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Winter safety in the news

By Lauren Smith

Unlike Elsa, the cold does bother me. Photo:

Unlike Elsa, the cold does bother me. Photo:

January is usually my least favourite month. It’s smack dab in the middle of the winter. It’s cold. It’s barren. It’s just miserable.

But, this is my sixth Albertan winter and I’ve learned there are some fun ways to pass time and get through this isolating month. However, those activities involve some important safety factors to avoid injuries. So it’s no surprise winter safety has been making the headlines this month.

From the backcountry to the city, here’s a recap of what to keep in mind to stay safe this winter:

Avalanche season

Last year there were 15 deaths from avalanches (six in the Alberta Rockies and eight in BC’s Columbia Mountains)—that’s 25 per cent above the previous 10-year average.

We’re already in the midst of avalanche season, so before you strap on your ski/snowboard boots, make sure you check out Avalanche Canada to see if the mountain you’re heading to is safe, especially if you plan on hitting up the backcountry.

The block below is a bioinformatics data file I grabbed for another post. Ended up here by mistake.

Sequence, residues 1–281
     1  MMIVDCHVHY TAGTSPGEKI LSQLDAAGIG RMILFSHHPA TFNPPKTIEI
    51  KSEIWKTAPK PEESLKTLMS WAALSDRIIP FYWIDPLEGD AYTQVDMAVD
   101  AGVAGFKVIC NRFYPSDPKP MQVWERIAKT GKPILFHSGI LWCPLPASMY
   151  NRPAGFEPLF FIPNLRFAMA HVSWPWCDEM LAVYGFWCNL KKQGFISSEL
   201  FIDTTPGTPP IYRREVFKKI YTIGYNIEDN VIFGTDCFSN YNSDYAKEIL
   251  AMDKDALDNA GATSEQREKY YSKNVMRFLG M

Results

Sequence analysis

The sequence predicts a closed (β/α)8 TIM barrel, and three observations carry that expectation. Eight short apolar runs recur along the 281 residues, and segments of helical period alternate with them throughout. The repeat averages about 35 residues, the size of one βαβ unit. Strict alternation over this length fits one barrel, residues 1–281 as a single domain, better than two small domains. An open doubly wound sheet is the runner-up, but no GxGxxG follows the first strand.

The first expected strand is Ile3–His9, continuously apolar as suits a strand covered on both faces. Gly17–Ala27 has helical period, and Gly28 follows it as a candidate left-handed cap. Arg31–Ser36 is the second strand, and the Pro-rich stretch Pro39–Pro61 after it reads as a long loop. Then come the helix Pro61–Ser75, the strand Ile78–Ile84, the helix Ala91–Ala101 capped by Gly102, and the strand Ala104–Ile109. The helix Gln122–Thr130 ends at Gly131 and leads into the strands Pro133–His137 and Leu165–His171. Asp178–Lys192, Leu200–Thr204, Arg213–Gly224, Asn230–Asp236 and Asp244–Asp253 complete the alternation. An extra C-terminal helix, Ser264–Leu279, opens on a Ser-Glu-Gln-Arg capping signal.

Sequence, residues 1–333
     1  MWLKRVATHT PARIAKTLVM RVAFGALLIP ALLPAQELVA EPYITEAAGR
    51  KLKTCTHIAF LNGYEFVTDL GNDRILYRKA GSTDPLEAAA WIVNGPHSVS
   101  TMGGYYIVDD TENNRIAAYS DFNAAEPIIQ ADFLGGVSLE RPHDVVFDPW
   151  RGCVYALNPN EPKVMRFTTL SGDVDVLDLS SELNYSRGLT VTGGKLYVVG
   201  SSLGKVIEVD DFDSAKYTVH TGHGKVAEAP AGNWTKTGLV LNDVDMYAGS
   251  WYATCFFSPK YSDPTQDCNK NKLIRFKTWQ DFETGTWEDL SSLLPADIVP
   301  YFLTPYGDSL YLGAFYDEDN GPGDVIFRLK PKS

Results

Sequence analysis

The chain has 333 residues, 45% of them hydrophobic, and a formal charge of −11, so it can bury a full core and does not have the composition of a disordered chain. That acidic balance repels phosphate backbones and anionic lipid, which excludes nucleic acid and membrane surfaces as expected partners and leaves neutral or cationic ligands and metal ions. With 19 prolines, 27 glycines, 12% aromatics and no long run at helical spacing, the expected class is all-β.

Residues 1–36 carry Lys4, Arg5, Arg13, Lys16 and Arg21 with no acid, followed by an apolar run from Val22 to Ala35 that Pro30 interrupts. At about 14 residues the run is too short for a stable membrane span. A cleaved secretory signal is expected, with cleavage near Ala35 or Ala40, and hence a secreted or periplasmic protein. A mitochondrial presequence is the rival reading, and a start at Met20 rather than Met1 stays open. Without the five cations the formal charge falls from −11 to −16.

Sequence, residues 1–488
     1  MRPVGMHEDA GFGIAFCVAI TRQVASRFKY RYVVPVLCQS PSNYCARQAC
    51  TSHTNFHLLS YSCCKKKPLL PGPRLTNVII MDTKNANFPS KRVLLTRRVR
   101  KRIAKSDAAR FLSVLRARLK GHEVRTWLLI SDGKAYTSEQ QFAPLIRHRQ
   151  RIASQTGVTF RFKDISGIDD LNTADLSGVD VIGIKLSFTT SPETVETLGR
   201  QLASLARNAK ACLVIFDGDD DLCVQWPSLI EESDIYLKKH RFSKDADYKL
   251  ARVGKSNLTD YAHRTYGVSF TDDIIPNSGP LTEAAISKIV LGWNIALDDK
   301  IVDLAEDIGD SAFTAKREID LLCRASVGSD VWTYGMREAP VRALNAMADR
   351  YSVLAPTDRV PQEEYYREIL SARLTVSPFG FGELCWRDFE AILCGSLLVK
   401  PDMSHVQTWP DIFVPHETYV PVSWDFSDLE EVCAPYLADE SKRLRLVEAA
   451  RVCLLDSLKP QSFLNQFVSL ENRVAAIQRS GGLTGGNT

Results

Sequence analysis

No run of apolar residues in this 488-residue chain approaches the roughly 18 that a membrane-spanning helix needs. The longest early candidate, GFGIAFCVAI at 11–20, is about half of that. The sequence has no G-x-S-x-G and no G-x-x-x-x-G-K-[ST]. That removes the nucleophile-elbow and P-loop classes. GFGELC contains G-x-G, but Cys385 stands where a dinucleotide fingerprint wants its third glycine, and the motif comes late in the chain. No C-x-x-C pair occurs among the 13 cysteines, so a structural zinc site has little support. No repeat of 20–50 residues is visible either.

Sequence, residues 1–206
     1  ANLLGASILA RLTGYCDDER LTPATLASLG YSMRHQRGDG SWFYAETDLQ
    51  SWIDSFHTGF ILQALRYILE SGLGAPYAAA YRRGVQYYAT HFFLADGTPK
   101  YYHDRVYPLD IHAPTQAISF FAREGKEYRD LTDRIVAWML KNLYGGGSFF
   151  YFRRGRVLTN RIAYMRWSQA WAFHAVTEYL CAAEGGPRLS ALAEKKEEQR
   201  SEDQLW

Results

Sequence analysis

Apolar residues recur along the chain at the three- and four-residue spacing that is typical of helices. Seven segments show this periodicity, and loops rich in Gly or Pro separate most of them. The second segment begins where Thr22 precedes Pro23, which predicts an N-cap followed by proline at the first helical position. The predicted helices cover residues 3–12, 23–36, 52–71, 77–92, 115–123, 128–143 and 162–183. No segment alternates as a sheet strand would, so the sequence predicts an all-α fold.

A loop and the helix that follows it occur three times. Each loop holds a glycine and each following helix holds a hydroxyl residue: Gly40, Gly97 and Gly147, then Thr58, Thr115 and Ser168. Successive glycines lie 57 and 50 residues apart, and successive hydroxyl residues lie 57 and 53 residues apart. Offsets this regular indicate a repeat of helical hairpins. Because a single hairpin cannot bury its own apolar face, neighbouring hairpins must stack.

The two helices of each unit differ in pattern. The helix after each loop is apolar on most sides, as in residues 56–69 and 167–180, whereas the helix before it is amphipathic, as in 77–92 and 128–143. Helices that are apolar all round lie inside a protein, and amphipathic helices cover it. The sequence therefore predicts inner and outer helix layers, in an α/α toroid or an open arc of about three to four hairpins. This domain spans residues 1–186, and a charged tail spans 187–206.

Dangers overhead

In addition to watching where you walk on the icy sidewalks this winter, keep an eye out for ice overhead.

With the warmer temperatures we’ve been having this week comes an increased risk for falling ice. Pay particular attention around the edges of buildings.

Road safety

With all the ice and snow that January brings, obeying the rules of the road is vital. In 2012, there were 70 deaths and almost 8,000 injuries from collisions at intersections in Alberta. The RCMP is urging drivers and pedestrians to be aware and observant.

  • Drivers – Slow down as you approach intersections and ensure you come to a complete stop..
  • Pedestrians – Follow traffic lights and avoid texting or wearing headphones when crossing the street.

Safe riders

Snowmobiling is a fun pastime to get through our never-ending winters. But before heading out, stay safe by wearing the proper equipment and planning ahead. Check to see if you’ll have cell service before hitting up any remote areas. It’s also a good idea to leave an itinerary behind so someone knows where you’re headed.

STARS, Alberta’s helicopter transport team, responded to 20 snowmobile calls last year from enthusiasts who were injured and stranded. The Alberta Snowmobile Association is taking some precautions this winter by travelling around the province to mark off any dangerous areas to alert snowmobilers of risks.

Have any safety-related news stories grabbed your attention recently? Leave us a comment or tweet us @HeadsUpAB!

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